Ned Colclough, Say You Do, 2009, wood, plaster, bronze, 30" x 6" x 45"

Ned Colclough has a nice new blog of his recent work.

This looks like a good show coming up next weekend...stay tuned for more Kaveri Nair here.

Christian Sampson and Ariel Dill Inglenook at Southfirst through Dec. 20.

Tuesday, November 24, 2009

Upcoming: Patrick Brennan FAZES

History in Parts (cross painting), 2009, 20"x 16"

Patrick Brennan

opens 12/5 6-9PM
103 reade st. #2
nyc 10013

If you've been following this blog for a little while, you know that I am really into Patrick Brennan’s work. It’s gone through a lot of interesting changes over the last few years and the work is really at an exciting point. With “FAZES”, Daily Operation presents Brennan's first solo show in New York. It includes a selection of works that highlight his distinct approach to abstract painting. Hints of moons, crosses, stars, and galaxies appear but the viewer is compelled to collect their own narrative.

His work has recently been seen at Artists Space, Heskin Contemporary, Kent State University, Mississippi State University, Apartment Show, and the Deli Storeroom. For more about Patrick Brennan, check out of my previous posts and especially our interview.

Contact me to see the show after opening night: lutzjon [at] gmail [dot] com.

Wednesday, November 11, 2009

Jaya Howey

Untitled, 2008, oil on canvas, 70” x 72”

Who Trampled the Flowering Arbutus Beneath the Library Window, 2009, oil on canvas, 71" x 67"

Untitled, 2009, oil on jutte, 20" x 16"; Who Trampled the Flowering Arbutus Beneath the Library Window, 2009, oil on canvas, 71" x 67"; Untitled, 2009, oil on jutte, 20" x 16"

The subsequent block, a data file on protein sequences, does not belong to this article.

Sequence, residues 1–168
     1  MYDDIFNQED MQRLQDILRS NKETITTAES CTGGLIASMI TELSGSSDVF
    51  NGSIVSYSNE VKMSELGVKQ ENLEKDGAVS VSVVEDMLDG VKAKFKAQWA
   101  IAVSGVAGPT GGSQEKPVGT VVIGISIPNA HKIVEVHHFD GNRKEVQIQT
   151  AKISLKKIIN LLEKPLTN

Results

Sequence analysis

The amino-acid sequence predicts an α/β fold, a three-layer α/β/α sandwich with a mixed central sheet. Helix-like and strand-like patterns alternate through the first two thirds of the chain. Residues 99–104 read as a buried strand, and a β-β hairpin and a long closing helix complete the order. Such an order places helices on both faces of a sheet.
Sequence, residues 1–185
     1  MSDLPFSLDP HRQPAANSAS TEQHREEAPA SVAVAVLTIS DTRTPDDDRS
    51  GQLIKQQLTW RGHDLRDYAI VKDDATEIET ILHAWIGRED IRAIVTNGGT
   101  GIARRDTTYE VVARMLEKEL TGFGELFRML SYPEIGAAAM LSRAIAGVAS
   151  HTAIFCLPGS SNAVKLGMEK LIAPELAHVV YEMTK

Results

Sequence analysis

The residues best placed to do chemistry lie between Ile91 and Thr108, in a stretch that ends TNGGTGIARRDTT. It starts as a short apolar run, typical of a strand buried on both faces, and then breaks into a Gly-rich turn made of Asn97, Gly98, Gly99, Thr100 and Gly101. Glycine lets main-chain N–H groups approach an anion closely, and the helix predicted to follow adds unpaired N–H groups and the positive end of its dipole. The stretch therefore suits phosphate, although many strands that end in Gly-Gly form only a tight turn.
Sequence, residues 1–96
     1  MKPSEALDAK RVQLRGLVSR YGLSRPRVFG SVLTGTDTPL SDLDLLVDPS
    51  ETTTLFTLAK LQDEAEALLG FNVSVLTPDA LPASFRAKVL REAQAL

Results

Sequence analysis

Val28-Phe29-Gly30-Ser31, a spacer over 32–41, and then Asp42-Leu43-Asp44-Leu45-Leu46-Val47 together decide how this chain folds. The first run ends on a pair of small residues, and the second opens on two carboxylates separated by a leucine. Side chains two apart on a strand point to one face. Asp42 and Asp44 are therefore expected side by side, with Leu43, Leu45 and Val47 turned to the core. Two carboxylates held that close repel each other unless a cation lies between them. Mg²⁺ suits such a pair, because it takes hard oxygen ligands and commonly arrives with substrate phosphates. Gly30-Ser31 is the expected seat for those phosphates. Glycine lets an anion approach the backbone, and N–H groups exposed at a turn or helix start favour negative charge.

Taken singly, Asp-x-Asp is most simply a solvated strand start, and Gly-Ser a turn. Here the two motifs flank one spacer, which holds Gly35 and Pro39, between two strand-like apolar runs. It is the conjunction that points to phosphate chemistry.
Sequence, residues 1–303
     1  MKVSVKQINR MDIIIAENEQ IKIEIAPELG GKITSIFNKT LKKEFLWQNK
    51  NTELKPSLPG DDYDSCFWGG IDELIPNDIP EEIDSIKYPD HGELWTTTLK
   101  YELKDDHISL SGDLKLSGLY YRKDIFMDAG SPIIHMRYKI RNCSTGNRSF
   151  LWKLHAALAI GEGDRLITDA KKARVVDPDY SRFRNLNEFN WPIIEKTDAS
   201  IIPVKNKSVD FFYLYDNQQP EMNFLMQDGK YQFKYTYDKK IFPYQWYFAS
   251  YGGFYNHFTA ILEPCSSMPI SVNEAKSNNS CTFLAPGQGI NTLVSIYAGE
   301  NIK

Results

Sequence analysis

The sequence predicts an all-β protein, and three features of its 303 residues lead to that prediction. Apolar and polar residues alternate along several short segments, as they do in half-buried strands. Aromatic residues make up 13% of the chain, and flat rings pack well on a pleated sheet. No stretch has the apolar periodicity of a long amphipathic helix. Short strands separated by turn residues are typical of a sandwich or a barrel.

Happy Hardcore, 2009, oil on canvas, 71" x 67"

Untitled, 2009, oil on jutte, 20" x 16"; Untitled, 2009, oil on jutte, 20" x 16"; The Sassiest Boy in America, 2009, oil on canvas, 71" x 67; Untitled, 2009, oil on jutte, 20" x 16"; The Pan Gets Its Close-up" (#2), 2009, acrylic on canvas, 71" x 67"

Untitled; The Sassiest Boy in America

Goodbye Future, 2008, oil on canvas, 70” x 72”

A Clear Expression of Mixed Feelings (1-4), 2008, oil on canvas, 25” x 22”

Jaya Howey is definitely one of the most exciting painters out there right now. I really enjoyed stopping by his studio and talking to him about what he's been doing. Hopefully we'll do an interview in the future, so look for that. Also check out his blog and more here.

Check out his work in Besides, With, Against, And Yet: Abstraction and The Ready-Made Gestures @ The Kitchen, which opens this Friday, November 13 and runs through January 16, 2010. The complete artist list for the show is: Richard Aldrich, Polly Apfelbaum, Kerstin Br├Ątsch, Ana Cardoso, Jessica Dickinson, Cheryl Donegan, Keltie Ferris, Wade Guyton, Jaya Howey, Alex Hubbard, Jacqueline Humphries, Jacob Kassay, Jutta Koether, Nate Lowman, Seth Price, R.H. Quaytman, Blake Rayne, Davis Rhodes, Cheyney Thompson, Patricia Treib, Charline von Heyl, and Kelley Walker.